• Nearly 13% of looked after children had a disability;
  • The Prison Reform Trust’s recent report (PDF, 308KB) noted that whilst 94% of looked after children did not get involved in the criminal justice system, this group of children are ‘significantly over represented in the criminal justice system and in custody’.

Educational outcomes

How well looked after children do in school and whether they progress to further training or employment is often considered to be an important measure of how well this group of children have been supported by their corporate parent. Their attainment is generally low compared to the school population as a whole.

Latest Welsh Government statistics (PDF, 1.16MB) show there is a wide gap between the attainments of looked after children and that of all pupils (see chart below). As at March 2015:

  • At Foundation Phase the gap is 23 percentage points;
  • At Key Stage 2 the gap is 24 percentage points;
  • At Key Stage 3 the gap increases to 36 percentage points;
  • The gap is at its widest at Key Stage 4, with a 40 percentage point difference, wider than the 38 percentage point gap in 2014.

Only 18 percent of looked after children achieve 5 GCSEs A*-C including English or Welsh and mathematics.

Latest statistics also show that 45 % of care leavers aged 19 were not in education, training or employment in 2015 (the lowest percentage in the past 9 years). A Buttle Trust report (PDF, 8.95MB)states that in 2011, only 7% of care leavers in Wales aged 19 were in HE, which represented 24 students. However the Trust’s report also said that all Welsh Higher Education Institutions were accredited with the Buttle Trust Quality Mark for Care Leavers, which showed they provided minimum level of support to care leavers and had demonstrated a commitment to improving their provision further.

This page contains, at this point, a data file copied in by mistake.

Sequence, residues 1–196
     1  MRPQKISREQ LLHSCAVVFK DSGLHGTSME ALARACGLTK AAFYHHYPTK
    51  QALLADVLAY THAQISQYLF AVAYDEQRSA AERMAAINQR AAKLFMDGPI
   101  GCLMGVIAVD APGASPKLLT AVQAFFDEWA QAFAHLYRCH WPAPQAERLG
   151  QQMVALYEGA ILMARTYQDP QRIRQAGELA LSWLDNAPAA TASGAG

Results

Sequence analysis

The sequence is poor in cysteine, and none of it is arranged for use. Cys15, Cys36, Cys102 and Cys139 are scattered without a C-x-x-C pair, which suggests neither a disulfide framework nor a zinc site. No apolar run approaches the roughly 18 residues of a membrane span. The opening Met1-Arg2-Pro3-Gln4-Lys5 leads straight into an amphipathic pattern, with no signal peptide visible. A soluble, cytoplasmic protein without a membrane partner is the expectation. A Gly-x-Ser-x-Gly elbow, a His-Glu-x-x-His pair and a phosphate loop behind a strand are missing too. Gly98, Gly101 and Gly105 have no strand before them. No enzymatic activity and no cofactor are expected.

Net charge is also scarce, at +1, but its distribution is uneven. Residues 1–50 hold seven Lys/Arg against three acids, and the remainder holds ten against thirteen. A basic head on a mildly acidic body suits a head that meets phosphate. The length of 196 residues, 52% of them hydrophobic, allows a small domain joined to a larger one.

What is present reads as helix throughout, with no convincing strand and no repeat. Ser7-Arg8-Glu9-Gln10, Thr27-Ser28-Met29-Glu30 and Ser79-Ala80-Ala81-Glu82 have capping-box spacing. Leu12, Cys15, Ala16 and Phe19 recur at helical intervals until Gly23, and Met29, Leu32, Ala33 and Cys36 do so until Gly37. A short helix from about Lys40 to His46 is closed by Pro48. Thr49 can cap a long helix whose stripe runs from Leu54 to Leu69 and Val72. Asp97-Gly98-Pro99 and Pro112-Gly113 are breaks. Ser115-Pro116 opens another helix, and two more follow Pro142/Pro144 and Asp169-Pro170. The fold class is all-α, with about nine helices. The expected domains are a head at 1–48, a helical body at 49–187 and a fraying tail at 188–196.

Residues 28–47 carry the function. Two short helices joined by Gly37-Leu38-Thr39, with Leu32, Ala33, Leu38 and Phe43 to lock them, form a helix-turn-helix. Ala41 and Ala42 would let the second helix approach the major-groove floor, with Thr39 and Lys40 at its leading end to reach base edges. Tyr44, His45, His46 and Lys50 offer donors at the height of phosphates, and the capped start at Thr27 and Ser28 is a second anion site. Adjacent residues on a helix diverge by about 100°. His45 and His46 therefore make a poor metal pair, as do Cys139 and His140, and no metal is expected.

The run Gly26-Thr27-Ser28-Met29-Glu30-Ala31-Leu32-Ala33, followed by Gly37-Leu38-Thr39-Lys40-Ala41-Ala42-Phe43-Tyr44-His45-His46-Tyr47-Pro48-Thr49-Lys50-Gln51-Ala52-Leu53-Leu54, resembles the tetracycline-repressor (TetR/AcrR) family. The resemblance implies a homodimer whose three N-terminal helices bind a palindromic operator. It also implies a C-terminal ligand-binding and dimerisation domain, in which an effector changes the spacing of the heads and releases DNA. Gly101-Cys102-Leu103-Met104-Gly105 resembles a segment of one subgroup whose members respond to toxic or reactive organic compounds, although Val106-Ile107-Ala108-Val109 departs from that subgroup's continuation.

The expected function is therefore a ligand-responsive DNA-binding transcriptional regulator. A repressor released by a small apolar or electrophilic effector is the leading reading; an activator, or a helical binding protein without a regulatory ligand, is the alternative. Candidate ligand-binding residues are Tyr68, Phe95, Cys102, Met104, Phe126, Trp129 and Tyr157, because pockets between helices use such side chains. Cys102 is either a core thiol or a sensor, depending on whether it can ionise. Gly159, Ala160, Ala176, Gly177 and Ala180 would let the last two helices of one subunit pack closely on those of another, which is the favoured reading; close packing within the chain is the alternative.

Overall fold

Chart 2: The gap at Foundation Phase and Key Stages between the educational outcomes of children in need, looked after children, and all pupils at 31 March 2015 (a)

This is a chart comparing educational outcomes of looked after children and other pupils

Source: Welsh Government Children in Need Census 2015

A range of Welsh Government strategies